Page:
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The Organ Donation Process

Have you ever thought of what happens behind the scenes during a surgical operation? Okay, well, I'll be honest: I'm not doctor. Funny thing is I'm just a seventeen year old acting like I know everything. But, really! Yes, it's important to remember the selfless who chose to give the gift of life to someone else. I mean, that is going to be you one day! Furthermore, we also have to thank our other heroes: doctors.

Have you ever wondered how the organ donation process even works? What really goes on during surgery? If you have, keep on reading to learn the basics of the organ donation process (and it can be complicated!).

*NOTE: Cases may vary; the following steps demonstrate the basic process.

#1- Transport

In the case of a medical emergency, the specialized team of EMTs (Emergency Medical Technicians) come to the rescue and attempt to save the patient's lives. When the EMTs arrive at the Emergency Room, the ER doctors and nurses evaluate the appropriate measures to be taken based on the situation. Life-saving measures include a ventilator, IV fluids, blood replacement and medicine to help the heart keep beating. However, the life-saving process foes not end here.

After a certain amount of time, the patient is transferred to the ICU, where a doctor performs special tests to see how much damage has been done to the brain. If certain results of the test indicate brain damage, then the patient is officially declared dead.

#2-Eligibility for Organ Donation

The organization of medical practitioners who evaluate if the patient is medically suitable for organ donation are called the OPO, or the organ procurement organization.

#3-The patient is hypothetically eligible. What happens next? Authorization.

The doctor proceeds to discuss with the patient's family about their death and cause. After, someone from the OPO talks to the family about organ donation. If the patient was a registered organ donor, then the process is explained to the family and an OPO counselor answers any questions about the organ transplantation process. After all, it is already hard enough losing a loved one, and the organ donation process can become complex.

However, if the patient was not a registered organ donor, then the family has the opportunity to decide whether or not they want the patient to become an organ donor.


The donor's blood type, height, weight, the hospital zip code and other data are entered into UNOS', or United Network of Organ Sharing, national computer system to begin the organ allocation process. This can match different donors from out of state as well. For instance, Ms. Candice Monroe received a heart transplant from a donor in Indiana; Monroe was in Ohio at the time and was matched via UNOS.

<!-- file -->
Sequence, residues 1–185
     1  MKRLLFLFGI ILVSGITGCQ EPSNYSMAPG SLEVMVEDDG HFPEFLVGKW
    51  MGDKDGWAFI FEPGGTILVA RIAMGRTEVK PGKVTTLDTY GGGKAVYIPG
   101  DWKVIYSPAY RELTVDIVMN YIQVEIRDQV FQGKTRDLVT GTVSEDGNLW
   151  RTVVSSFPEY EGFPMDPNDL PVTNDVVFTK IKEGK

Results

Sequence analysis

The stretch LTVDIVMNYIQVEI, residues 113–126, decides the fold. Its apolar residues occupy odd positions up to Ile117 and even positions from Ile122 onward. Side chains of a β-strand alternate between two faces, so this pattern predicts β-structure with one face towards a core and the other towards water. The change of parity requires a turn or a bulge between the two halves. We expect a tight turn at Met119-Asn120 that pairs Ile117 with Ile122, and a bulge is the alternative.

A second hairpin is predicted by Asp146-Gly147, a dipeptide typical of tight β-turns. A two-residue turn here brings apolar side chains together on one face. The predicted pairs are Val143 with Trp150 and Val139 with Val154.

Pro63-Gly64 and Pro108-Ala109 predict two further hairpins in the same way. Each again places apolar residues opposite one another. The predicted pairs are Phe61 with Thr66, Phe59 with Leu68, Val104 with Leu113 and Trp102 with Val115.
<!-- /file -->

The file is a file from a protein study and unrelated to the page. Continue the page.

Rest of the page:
#5-Organ Recovery

The donor is taken to an operating room, where the surgical process begins. Prior to the surgical removal of the organs, each organ is flushed free of blood with a specially prepared ice-cold preservation solution that contains electrolytes and nutrients. Following this, the organs are placed in sterile containers, packaged in wet ice, and transported to the recipient's transplant center.


After the organ donation process, the donor is taken to a funeral home. The OPO works closely with the funeral director to honor the donor and donor family's funeral wishes. Keep in mind that an open casket funeral is possible after organ donation.


Following a few weeks after the organ donation, the OPO sends a letter to the donor's family. The letter contains Information about which organs were transplanted. Moreover, the letter does not expose the names of the recipients. However, the recipients may reach out to the donor's family if they wish to. With Ms. Candice Monroe, she decided to reach out to Chuck, her donor dad, to thank him for her second chance at life. They have developed such a beautiful relationship that is deeply cherished by both of them. Most OPOs continue to provide treatment, such as counseling.

If interested about learning more about the communication of donor families and recipients, read about the guidelines established by the OPO and their community here:


“Deceased Organ Donation Process: Unos Donation Processes.” UNOS, 26 Apr. 2022,

“Organ Donation.” NewYork-Presbyterian,

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